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The Most Common Types of Hearing Loss and Their Causes

According to the National Institute on Deafness and Other Communication Disorders, nearly 15% of adults report some form of hearing loss. Some people are born with hearing loss, often as a result of genetics; however, others may develop hearing loss over time. Below are some of the most common types of hearing loss, possible causes, and potential treatment options.

Conductive hearing loss

Conductive hearing loss occurs when sound waves cannot pass through the outer ear, eardrum, or middle ear. This condition can develop for several reasons. A perforated eardrum or foreign object in the external auditory canal may lead to temporary loss, while more extensive damage to the external and middle ear may lead to more permanent hearing loss. Like any form of hearing loss, the severity of conductive hearing loss varies from person to person. Unlike other hearing conditions, however, conductive hearing loss can occasionally be treated with surgery or pharmaceuticals. These treatments can partially or even fully restore hearing ability, but in some cases, hearing aids may be a more viable option.

Sensorineural hearing loss

The most common type of hearing loss is sensorineural hearing loss. Often abbreviated as SNHL, this condition is a result of damage to the inner ear, cochlea, or vestibulocochlear nerve. Sensorineural hearing loss can be inherited or may develop as a result of a congenital infection, such as rubella or meningitis. It can also be caused by repeat exposure to loud noises. This form of hearing loss is not usually treatable with medicine or surgery, so it’s extremely important to take all possible precautions. Employees that work in manufacturing facilities, for instance, are particularly susceptible to this condition, as they are constantly surrounded by dangerous noise levels. To help prevent sensorineural hearing loss, many manufacturing facilities install industrial acoustic panels, which use acoustic absorption, to dampen these dangerously loud noises. These noise control systems use porous materials to trap sound waves and reduce the perception of sound once it reaches employees’ ears. While medicine and surgery are typically not options to treat this form of hearing loss, hearing aids or cochlear implants may help manage the effects of SNHL.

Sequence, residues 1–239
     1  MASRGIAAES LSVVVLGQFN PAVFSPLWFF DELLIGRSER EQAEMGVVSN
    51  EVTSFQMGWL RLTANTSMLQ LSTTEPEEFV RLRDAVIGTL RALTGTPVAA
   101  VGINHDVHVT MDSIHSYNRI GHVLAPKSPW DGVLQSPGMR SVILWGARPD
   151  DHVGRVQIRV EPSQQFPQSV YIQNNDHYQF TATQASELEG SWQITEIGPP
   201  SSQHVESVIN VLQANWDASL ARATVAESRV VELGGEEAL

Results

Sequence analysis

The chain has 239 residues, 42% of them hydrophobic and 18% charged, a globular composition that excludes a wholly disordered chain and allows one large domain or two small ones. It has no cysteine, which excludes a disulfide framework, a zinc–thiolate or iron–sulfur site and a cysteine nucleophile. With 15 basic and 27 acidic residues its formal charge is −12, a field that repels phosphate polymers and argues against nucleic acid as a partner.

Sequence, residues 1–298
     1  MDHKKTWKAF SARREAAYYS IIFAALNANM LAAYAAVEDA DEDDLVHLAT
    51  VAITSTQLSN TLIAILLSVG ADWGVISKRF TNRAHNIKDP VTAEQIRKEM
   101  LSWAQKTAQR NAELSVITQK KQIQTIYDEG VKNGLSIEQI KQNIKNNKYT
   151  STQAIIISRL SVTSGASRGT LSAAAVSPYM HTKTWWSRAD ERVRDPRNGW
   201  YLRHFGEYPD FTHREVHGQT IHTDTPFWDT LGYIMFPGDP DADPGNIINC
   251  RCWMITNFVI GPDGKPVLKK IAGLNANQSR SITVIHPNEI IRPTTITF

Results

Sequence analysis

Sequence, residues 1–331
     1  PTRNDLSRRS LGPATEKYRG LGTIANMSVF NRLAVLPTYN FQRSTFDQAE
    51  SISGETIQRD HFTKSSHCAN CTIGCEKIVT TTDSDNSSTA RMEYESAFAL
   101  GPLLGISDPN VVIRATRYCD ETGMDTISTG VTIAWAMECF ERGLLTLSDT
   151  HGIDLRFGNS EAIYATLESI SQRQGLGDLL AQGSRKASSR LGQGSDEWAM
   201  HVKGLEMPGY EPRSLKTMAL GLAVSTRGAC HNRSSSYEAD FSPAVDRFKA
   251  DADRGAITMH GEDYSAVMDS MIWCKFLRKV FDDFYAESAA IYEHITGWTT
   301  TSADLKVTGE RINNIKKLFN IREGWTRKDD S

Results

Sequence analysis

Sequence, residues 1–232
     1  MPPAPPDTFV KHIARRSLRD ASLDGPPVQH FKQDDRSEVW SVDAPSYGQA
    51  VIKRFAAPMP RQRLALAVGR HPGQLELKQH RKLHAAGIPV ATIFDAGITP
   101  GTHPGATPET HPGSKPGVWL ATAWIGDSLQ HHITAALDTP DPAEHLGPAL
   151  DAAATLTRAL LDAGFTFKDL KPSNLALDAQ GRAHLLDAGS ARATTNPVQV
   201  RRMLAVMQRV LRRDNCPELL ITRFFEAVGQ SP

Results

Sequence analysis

Mixed hearing loss

Mixed hearing loss is a combination of both conductive and sensorineural hearing loss and is often caused by any of the factors that lead to the conditions listed above. For instance, if an individual is diagnosed with hearing loss as a result of working around loud noises and has fluid in their ear, they may be diagnosed with mixed hearing loss. This means the condition may be more profound than if you’re diagnosed with only one form of hearing loss. However, it’s important to remember that each case of hearing loss is unique. Some people diagnosed with hearing loss may find soft noises difficult to hear but they can hear loud sounds quite clearly, while others may not be able to hear noises at any volume. Each diagnosis is different, so it’s important to discuss treatment and management options with your doctor to find the option that’s best for you.

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Written by Logan Voss

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